With approximately 400 million lines of DSL already installed, network operators are keen to maximize the speed and bandwidth of their existing copper networks to remain competitive against the network providers offering full fiber FTTH networks. The cost of deploying FTTdp networks with is considerably lower than deploying FTTH networks. Furthermore, they provide a better return on investment, allowing operators to both market and deliver ultrafast broadband without the substantial investment of deploying their own, totally new-build, FTTH networks.

Intriguing New Deployment Options

One of the key things that sets apart from previous technologies is its flexible use of power sources. Power can of course be provided conventionally at a co-located street cabinet, within or adjacent to a multi-tenant or multi-dwelling building. However, also introduces the ability to support reverse power using the copper drop wires to feed power from the customer premises to the DPU and is designed to be able to operate with multiple subscribers. also has an important role as an adjunct to FTTH in multi-tenant and multi-dwelling buildings since it can now bring gigabit-class services to existing tenants without the need to rewire an entire building. For new business or residential tenants provider-supplied CPE can be supplied even before a installation is complete making new service introduction invisible to the user.

Unlike ADSL2 and VDSL2 which use Frequency Division Duplexing (FDD), uses Time Division Duplexing (TDD) which allows the ratio of upstream to downstream data rates to be easily changed as application requirements evolve.

This will become increasingly significant as cloud networks increase in popularity and low upstream bandwidths begin to cause a bottleneck for users sharing large files. This flexibility enables operators to provide new services for the connected home, such as remote video surveillance, and consumers can tailor their upstream to downstream ratio to best suit their usage. TDD also provides power saving functions for since many functions of the transceivers can be turned off when there is no data to send.

Reduced OpEx technology is designed to work in a customer self-install environment, allowing service providers to avoid the cost and inconvenience of sending a technician to the home. With the simplicity of installation and the very reasonable equipment cost, combined with the savings on power feeding, the financial benefits begin to add up to a very exciting proposition for service providers. also supports vectoring, reducing far-end self-crosstalk and interference in order to boost performance. Consequently, is able to utilize 106MHz of spectrum over the copper pair wiring from existing telephone lines.

While currently works with voice services, its future use is best suited to Voice-over-IP (VoIP) which is expected to grow in popularity, reducing the use of traditional telephone networks and the need for an analogue receiver.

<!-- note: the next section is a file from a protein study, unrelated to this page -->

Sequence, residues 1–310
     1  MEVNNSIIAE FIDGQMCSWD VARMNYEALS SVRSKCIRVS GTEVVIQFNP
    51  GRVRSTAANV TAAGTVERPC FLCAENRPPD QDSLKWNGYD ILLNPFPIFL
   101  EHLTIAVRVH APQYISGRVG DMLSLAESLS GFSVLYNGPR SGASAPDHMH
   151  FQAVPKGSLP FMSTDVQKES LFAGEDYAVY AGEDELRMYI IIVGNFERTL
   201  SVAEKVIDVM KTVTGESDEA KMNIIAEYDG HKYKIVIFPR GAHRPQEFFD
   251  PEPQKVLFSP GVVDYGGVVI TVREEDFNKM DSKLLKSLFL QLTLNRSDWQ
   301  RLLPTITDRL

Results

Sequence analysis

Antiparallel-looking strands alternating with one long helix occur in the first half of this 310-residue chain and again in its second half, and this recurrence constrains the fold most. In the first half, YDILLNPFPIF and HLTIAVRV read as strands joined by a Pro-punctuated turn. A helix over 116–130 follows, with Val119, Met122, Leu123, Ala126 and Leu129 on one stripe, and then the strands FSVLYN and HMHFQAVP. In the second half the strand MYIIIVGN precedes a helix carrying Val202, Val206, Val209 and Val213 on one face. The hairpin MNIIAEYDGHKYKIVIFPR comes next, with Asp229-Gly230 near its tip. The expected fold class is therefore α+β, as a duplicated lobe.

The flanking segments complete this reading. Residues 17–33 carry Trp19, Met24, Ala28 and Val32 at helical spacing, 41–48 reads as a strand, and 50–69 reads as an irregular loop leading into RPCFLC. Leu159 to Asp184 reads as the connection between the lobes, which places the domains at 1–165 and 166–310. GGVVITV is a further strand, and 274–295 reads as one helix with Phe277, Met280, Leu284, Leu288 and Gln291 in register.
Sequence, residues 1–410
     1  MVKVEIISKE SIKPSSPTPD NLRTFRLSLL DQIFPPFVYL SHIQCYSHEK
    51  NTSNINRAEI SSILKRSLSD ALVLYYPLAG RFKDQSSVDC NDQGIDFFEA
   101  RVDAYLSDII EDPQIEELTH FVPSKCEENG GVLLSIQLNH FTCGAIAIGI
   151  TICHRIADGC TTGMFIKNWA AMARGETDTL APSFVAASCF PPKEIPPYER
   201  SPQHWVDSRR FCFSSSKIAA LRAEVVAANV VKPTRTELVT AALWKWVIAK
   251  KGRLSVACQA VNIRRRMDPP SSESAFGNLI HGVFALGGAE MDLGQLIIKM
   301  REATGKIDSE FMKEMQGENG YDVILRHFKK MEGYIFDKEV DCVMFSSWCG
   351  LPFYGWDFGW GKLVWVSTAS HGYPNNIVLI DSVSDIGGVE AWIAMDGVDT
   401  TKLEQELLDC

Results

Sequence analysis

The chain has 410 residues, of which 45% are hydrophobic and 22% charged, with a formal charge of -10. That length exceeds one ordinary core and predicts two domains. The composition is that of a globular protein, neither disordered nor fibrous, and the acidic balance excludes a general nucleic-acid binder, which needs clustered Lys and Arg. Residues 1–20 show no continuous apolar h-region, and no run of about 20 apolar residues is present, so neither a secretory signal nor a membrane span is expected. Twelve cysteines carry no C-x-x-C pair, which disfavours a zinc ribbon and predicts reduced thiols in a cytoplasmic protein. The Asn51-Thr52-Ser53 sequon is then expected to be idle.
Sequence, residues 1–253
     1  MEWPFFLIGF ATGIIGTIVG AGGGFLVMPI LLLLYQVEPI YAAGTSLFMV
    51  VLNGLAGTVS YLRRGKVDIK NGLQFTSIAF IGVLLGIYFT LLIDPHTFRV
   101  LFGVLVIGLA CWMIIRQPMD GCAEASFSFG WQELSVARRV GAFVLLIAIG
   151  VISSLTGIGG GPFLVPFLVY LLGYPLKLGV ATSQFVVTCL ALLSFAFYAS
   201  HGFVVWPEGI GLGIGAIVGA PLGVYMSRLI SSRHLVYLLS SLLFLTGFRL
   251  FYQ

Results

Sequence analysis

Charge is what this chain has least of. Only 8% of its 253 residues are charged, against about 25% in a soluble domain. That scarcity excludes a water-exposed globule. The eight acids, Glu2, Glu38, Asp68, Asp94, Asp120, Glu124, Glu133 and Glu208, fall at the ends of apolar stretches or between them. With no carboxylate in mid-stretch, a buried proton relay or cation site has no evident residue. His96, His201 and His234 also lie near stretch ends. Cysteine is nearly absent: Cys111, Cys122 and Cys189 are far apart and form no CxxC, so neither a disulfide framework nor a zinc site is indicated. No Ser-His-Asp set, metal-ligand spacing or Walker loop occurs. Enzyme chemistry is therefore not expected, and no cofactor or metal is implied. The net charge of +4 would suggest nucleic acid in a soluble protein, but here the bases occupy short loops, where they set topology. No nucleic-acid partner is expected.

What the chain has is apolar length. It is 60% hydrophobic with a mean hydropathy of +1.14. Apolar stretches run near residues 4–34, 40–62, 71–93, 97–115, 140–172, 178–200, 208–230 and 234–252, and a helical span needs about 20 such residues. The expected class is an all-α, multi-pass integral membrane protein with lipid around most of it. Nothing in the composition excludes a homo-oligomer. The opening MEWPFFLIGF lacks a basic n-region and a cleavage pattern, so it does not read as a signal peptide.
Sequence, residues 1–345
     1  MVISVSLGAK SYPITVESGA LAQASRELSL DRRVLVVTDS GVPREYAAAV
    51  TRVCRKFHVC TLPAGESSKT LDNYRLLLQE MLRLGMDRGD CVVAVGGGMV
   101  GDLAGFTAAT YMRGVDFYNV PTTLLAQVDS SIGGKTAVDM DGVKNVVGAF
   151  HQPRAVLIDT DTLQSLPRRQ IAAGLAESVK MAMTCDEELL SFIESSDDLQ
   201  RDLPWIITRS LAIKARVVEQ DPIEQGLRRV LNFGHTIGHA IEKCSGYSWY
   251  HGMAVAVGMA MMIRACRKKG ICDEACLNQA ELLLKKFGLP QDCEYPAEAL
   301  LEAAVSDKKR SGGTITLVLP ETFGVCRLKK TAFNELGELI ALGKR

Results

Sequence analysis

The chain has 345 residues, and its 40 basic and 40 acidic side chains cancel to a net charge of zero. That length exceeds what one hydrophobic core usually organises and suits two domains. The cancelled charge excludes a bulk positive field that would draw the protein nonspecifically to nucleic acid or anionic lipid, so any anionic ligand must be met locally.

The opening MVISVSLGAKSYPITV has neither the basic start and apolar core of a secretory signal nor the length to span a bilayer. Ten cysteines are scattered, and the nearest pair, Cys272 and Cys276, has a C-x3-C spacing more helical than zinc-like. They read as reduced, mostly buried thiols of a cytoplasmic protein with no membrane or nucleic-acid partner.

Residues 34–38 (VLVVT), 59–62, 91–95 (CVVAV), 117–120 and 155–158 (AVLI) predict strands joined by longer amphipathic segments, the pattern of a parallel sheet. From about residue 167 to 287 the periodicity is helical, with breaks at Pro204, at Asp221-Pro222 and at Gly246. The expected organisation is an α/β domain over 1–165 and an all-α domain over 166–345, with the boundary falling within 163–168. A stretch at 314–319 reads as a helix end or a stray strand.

Accelerating Adoption

The Broadband Forum has many programs designed to speed up the release of services, including an FTTdp YANG management model which was completed at our last quarterly meeting and has been released exclusively to our members for testing in network equipment. This is the Forum’s first software project written in the YANG modelling language and is great news for our members, whether they be service providers, vendors or test houses. By adopting YANG modelling we are accelerating the management of FTTdp; from specification and design into the network, helping to drive open interoperability between different devices. This means service providers can offer competitive ultrafast services enabled by FTTdp and

The Broadband Forum is also working on an enhanced FTTdp architecture and has a series of plugfests starting this month to ensure chip-set interoperability. In addition, it is launching a Certification Program and a series of standards to define management of enabled equipment.

All these measures are necessary to not only smooth the way for easy integration of into already complex network architectures but to maximize interoperability across the world. Interoperability will boost service provider confidence in making the move and will ensure competitive pricing as they look to deliver sustained profitability while meeting the challenges of the market. The other benefit of interoperability is that it will prolong the life of in the network.

By enabling operators to deploy ultrafast broadband networks cost-effectively, unleashes the full potential of existing copper networks. By deploying the technology, operators can extend the life of their existing network infrastructures economically, while boosting broadband speeds. Giving the speed of FTTH without the need for professional installation, provides a true alternative to fiber all the way based solutions.